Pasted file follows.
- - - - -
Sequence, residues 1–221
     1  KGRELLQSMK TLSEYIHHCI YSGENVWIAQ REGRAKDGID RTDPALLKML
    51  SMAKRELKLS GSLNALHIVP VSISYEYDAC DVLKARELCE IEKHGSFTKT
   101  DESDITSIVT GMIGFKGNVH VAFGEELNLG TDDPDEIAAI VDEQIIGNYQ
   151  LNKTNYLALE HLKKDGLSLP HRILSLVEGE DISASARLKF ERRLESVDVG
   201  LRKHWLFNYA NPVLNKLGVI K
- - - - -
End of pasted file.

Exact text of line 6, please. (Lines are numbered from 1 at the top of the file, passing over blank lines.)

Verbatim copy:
   201  LRKHWLFNYA NPVLNKLGVI K